Characteristics of a Wash. U. student

| Forum Editor

What does it mean to be a Wash. U. student? After two years in college, I feel compelled to confront myself with this question. Perhaps I need this space to let my thoughts flow; perhaps I crave a more specific identity. But I also think that with pre-frosh about to descend upon campus in droves, it helps to take a look at what would make them like us. So, in what ways are Wash. U. students similar?

Knowledgeable: Well…duh. Last time I checked, getting into Wash. U. wasn’t easy. You need great grades and great test scores, and once you’re here, the academic demands become even higher. The funny thing is that we are all knowledgeable in our own ways. Ask me about German or food, politics or the environment, and I’ll talk your ears off. Art history and anthropology? Not so much, but my peers can pick up the slack.

Which characteristic worst describes Wash. U. students?

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Apathetic: Yes…No…Maybe. You see, I think Wash. U. students care about a variety of issues, but there isn’t enough time to care too much. Instead of apathetic, I feel more comfortable calling myself passionate about specific things. Other students are passionate about other issues, and everything combines into the “problem” of over-programming on campus.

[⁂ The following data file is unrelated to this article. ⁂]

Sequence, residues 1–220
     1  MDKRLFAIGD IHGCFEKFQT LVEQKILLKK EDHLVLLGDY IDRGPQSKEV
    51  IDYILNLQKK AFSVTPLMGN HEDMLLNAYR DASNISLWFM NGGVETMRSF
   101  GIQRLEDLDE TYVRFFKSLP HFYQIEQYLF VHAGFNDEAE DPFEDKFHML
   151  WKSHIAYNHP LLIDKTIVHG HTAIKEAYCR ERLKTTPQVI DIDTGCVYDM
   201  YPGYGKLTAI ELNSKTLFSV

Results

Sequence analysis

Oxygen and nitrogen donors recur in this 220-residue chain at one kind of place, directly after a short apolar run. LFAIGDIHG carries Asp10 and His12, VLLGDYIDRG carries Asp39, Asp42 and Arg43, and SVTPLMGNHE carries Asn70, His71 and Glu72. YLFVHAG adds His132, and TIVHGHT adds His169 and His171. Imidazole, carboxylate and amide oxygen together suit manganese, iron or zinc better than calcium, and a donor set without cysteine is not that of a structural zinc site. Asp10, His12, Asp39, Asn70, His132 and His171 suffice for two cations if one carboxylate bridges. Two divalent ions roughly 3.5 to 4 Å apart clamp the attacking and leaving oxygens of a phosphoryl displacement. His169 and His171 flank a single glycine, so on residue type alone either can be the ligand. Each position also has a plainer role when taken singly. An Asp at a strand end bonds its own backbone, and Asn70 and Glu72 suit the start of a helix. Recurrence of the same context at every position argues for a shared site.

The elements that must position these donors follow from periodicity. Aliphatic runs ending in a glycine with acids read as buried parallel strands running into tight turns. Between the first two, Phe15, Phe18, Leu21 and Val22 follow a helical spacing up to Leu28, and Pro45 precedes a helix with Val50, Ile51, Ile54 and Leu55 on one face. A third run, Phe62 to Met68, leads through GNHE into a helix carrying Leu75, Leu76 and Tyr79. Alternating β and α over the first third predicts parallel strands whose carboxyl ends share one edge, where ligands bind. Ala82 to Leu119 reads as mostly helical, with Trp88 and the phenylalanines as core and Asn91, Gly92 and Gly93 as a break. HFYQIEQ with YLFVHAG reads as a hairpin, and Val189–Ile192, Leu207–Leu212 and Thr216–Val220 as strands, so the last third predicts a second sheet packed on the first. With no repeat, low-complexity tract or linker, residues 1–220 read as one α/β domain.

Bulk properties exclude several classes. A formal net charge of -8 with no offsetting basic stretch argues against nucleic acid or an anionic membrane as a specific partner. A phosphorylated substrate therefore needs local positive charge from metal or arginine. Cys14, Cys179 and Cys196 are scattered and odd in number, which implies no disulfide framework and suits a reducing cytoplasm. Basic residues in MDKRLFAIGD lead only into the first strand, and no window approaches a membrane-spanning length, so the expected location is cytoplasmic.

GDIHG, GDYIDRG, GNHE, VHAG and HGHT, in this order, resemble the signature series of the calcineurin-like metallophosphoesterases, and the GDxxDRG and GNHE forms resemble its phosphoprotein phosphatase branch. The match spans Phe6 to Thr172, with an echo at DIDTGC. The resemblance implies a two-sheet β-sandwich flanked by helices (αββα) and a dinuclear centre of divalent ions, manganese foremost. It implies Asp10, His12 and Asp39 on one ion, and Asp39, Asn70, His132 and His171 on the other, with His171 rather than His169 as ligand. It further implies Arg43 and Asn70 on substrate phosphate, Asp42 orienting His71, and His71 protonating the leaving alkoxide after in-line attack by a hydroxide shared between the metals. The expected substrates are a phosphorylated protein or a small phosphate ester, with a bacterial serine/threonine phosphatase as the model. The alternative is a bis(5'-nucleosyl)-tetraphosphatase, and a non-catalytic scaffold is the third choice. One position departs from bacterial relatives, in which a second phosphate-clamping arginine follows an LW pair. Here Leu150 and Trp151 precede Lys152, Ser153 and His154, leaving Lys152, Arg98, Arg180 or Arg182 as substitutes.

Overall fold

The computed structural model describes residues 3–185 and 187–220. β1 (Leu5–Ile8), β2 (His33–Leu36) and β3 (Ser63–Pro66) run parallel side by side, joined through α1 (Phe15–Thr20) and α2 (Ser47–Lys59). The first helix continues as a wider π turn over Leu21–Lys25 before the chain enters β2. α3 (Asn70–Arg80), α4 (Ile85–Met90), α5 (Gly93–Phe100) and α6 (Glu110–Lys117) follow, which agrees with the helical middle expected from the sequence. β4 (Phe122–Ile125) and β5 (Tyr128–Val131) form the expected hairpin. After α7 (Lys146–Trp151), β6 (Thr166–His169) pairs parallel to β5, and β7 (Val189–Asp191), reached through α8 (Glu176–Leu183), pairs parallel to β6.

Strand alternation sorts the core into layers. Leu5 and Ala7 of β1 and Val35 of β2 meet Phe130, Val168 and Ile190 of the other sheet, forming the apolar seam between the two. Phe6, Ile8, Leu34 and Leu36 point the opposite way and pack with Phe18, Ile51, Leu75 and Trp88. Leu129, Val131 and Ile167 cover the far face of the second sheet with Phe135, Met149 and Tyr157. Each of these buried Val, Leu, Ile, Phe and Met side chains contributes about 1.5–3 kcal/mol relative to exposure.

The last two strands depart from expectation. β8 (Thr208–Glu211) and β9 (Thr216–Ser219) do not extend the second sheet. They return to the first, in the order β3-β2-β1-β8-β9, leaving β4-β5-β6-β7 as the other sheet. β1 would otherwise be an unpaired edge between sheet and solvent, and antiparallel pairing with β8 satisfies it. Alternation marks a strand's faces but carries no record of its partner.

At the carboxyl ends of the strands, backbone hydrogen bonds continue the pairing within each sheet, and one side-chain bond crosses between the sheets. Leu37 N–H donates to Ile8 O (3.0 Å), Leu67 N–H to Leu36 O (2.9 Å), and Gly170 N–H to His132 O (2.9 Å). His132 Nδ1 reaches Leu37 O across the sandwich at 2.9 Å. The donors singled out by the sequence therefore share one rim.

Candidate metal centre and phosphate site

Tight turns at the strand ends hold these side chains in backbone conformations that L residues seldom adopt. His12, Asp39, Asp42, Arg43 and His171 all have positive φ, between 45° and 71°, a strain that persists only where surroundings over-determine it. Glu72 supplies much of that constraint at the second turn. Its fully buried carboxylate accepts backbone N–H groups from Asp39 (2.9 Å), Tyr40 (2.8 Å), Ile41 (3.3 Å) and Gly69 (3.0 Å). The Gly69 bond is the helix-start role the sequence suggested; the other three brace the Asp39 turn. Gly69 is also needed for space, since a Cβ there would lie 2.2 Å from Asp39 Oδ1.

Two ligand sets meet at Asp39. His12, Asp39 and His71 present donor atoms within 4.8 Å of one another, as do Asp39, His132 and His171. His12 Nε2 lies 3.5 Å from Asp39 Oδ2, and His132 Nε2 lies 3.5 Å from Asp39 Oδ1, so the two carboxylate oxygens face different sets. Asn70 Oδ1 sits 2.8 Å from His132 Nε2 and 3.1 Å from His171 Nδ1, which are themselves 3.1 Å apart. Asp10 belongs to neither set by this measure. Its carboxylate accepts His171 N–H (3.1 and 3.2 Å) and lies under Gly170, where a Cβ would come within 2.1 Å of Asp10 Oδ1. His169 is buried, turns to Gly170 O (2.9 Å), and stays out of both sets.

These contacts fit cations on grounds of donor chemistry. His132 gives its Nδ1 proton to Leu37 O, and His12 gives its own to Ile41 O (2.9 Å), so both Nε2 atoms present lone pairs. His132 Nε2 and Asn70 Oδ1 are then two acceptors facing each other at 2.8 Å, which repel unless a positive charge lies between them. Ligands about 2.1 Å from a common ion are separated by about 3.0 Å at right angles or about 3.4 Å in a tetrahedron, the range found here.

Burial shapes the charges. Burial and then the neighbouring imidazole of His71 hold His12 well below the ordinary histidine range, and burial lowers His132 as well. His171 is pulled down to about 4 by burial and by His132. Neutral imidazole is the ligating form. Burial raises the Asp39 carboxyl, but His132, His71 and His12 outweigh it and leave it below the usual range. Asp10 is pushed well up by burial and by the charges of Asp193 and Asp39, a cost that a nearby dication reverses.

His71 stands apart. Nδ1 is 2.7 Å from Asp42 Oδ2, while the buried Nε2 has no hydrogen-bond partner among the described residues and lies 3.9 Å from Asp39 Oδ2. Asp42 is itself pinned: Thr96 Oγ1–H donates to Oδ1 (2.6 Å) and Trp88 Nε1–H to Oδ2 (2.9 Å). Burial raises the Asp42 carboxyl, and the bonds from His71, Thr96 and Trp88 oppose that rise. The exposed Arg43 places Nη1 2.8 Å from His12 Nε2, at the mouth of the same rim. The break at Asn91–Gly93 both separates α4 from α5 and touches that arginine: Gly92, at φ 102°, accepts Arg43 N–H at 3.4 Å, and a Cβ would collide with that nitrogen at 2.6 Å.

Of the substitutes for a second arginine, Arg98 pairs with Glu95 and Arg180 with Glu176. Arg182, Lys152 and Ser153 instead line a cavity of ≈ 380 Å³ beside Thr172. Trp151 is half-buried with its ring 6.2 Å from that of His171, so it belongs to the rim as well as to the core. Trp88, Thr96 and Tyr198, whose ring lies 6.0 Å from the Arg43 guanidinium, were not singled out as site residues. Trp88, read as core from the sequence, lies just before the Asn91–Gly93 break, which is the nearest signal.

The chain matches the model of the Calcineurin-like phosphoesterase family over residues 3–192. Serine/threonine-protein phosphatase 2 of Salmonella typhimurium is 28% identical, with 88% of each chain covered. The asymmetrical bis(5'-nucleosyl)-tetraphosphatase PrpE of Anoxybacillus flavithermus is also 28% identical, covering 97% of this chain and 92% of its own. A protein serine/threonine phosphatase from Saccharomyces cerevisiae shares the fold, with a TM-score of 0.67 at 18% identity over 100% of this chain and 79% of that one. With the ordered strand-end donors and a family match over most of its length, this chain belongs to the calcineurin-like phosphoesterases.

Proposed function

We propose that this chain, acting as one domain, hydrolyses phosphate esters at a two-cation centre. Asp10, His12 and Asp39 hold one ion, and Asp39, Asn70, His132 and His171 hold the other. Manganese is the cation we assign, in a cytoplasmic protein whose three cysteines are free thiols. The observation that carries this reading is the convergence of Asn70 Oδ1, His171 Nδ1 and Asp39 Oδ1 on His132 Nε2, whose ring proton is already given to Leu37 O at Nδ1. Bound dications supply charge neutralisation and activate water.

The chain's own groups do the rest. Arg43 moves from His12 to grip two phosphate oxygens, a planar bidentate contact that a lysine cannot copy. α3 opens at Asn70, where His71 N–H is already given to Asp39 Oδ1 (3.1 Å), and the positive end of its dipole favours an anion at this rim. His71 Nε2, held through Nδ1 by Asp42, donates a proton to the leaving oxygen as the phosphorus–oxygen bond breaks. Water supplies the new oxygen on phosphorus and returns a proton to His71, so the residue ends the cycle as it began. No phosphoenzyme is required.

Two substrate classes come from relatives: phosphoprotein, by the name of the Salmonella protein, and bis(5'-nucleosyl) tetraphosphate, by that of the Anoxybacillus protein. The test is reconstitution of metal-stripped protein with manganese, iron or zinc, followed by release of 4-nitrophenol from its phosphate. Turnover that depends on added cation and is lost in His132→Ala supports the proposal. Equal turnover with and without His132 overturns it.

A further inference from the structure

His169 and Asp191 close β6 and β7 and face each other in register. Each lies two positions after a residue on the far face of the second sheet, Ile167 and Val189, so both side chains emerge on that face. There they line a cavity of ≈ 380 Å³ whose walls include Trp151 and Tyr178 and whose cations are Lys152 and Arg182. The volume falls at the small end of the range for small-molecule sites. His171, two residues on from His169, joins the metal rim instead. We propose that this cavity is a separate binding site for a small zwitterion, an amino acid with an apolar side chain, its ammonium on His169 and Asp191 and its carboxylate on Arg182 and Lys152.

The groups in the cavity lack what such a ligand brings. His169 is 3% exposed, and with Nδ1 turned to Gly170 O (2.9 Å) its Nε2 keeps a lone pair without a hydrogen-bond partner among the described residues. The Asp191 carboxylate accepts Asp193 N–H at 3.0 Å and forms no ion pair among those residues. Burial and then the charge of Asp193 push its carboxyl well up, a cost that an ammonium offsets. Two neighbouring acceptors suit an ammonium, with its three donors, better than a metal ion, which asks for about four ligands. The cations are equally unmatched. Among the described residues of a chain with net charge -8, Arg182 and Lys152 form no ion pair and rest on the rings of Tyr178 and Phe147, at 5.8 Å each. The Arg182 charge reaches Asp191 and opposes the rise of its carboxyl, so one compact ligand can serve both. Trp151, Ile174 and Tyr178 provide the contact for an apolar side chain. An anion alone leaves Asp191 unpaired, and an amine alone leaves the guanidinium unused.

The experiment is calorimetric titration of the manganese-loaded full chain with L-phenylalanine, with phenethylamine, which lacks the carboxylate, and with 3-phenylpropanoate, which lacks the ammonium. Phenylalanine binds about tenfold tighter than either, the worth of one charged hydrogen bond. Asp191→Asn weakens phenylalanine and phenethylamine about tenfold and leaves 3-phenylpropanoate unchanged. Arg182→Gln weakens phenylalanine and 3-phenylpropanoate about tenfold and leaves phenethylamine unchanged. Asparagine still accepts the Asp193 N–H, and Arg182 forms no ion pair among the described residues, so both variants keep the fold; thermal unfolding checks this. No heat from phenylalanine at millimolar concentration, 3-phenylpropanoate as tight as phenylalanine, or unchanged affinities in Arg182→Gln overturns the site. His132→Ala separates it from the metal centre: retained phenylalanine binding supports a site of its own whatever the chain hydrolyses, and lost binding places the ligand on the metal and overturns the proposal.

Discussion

Overworked: Obviously. If you’ve ever been to the library late at night, you’ll know that too many of us have too much to do. Wash. U. is hard, though I’ve heard they’re more gentle in the Olin Preschool.

Stingy: Hard to say. It’s no secret that we, on average, come from wealthy families willing to fork over a fortune for a great education. And on top of this are the expenses for Estrogym passes, fraternity or sorority memberships and dinners on the Loop, most of which we accept. But when the computer lab in Eads decides to charge for printing, suddenly four cents a page sounds like an awful lot of money.

Talkative: A definite yes. If you can hear yourself think at lunch in the DUC or Holmes Lounge, you’re lucky. I would argue our verbosity reveals itself through text messages as well. The endless tick-tick-tick in class and the stream of passersby with eyes glued to their phones show we crave communication.

Mature: This is probably the toughest to gauge. On the one hand, we live our own lives away from the (over-)protection of parents, handling the daily requirements of adulthood. We engage in meaningful discussions on serious issues such as sexual assault and racial discrimination. On the other hand, there are the shenanigans of Friday and Saturday nights.

Every category fits a lot of Wash. U.’s student body, but then again, I have found plenty of differences and exceptions. I guess we aren’t easy to describe; we aren’t human bulletin boards to which you can tack the same label. You aren’t a Wash. U. student so much as you are…you. Hmm, how refreshing.

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